"A global digital payment system, thoughtfully designed, can enhance the settlement of international transactions while reducing the risk of money laundering and corruption. Digital currencies can also help bring down costs of cross-border payments, for example when expatriate workers send earnings back to their families."

As more global financial companies study cryptocurrency and launch products, investor interest will rise.

Also this week, investment bank Goldman Sachs surveyed its clients and found that 60% expect to increase their digital assets in the next one to two years, 51% currently hold crypto.

Powell Discussed Digital Dollar

The Federal Reserve is studying whether or not to issue a digital currency. Powell said this week that user privacy is paramount while also stressing the importance of the currency being "identity verifiable." It will be interesting to see how the Fed will ensure privacy while verifying a user's identity.

▸ Bitcoin Miners Get Creative

CoinDesk profiled how some bitcoin miners are using their rigs to capture the excess heat generated from their computers and how others are finding energy sources to power their operations.

● MintGreen partners with Shelter Point Distillery in Vancouver to heat barrels of whiskey. It helps the aging process.

● PRTI in North Carolina developed a process to heat rubber tires and convert the gas into liquid fuel. The fuel is used to power their bitcoin mining servers.

● Upstream Data works with oil companies to capture natural gas that escapes from oil fields. They set up 250 small shacks in Texas and Wyoming oil fields that use the gas to power their mining computers.

El Salvador is building a bitcoin mining operation on Conchagua volcano to use geothermal energy.

CRYPTO CLASS - Crypto Remittances

Remittances are payments of money from one party to another. In the crypto space, remittances typically refer to people sending money overseas to relatives who live in a less wealthy country.

The International Monetary Fund estimated that the total total remittances to low- and middle-income countries was $597 billion in 2021.

Some countries rely upon remittances. In El Salvador, 23% of its gross domestic product come from remittances.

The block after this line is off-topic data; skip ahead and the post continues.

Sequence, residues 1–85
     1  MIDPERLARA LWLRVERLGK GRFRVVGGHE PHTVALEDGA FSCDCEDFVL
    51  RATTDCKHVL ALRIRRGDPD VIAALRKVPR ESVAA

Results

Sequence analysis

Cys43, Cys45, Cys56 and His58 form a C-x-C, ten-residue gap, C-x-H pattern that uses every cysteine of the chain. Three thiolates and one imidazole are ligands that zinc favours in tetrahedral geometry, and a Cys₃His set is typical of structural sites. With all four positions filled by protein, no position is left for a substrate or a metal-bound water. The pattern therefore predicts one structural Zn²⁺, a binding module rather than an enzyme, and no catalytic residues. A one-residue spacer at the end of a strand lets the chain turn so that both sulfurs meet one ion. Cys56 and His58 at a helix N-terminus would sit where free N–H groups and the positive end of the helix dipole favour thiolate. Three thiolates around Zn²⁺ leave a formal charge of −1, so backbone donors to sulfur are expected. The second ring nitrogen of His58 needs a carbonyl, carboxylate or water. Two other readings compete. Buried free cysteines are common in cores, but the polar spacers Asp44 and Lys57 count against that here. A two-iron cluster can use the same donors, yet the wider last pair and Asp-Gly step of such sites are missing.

Sending money through a service such as Western Union has much higher fees than a crypto-enabled service. For example, sending $500 via a credit card could cost up to $26 with Western. Using Remitly, it's only $7.99. That is a 70% savings.

One reason why El Salvador adopted bitcoin as its currency was to lower remittance costs.

INFLUENCERS - People to follow

Gary Gensler – @GaryGensler

Gensler is the 33rd Chair of the SEC (US Securities & Exchange Commission). I became familiar with Gensler when I jumped into my crypto education. I watched his entire semester blockchain and crypto class at MIT. He's brilliant and I can't imagine any cabinet member knows more about crypto than him. However, knowledge of blockchain and crypto doesn't equate to support.

Gensler started as SEC Chair somewhat adversarial to the crypto industry. It appears that his wings may have been clipped a bit after the crypto executive order was published two weeks ago. Once the executive order's reports are submitted to the administration, we'll see what regulatory power Gensler seeks for the SEC. RESOURCES – Books, websites, podcasts, articles CoinTelegraph This online crypto publication is a terrific free resource and is comparable to CoinDesk. I look at both websites throughout the week. Also, I'm awed by CoinTelegraph's cover art for their articles. The art below is an example. ↓


A rug pull is a scam when creators of a project pump the value of their token and then disappear with the funds. There are three types of rug pulls: 1) Liquidity stealing – token creators withdraw all the coins and price goes to zero. 2) Limited sell orders – developers write code, making them the only party able to sell tokens. 3) Pump-and-Dump is an old school scheme where heavy promotion on social media drives up the price and developers sell their large supply of tokens. The sell-off drives the price down.

Bloomberg reported on March 24, 2022 that federal prosecutors in New York charged two 20-year old men with bilking investors out of more than $20 million dollars. (See Bloomberg article.)

The men created NFTs called "Frosties" which would have provided giveaways and access to a metaverse game.

Frosties are still for sale on the NFT marketplace OpenSea.

Hours after selling the tokens, they de-activated their website and transferred $1.1 million of cryptocurrency into their wallets.


Thanks for reading! See you next week.

Go to Crypto News for Realtors to read previous issues.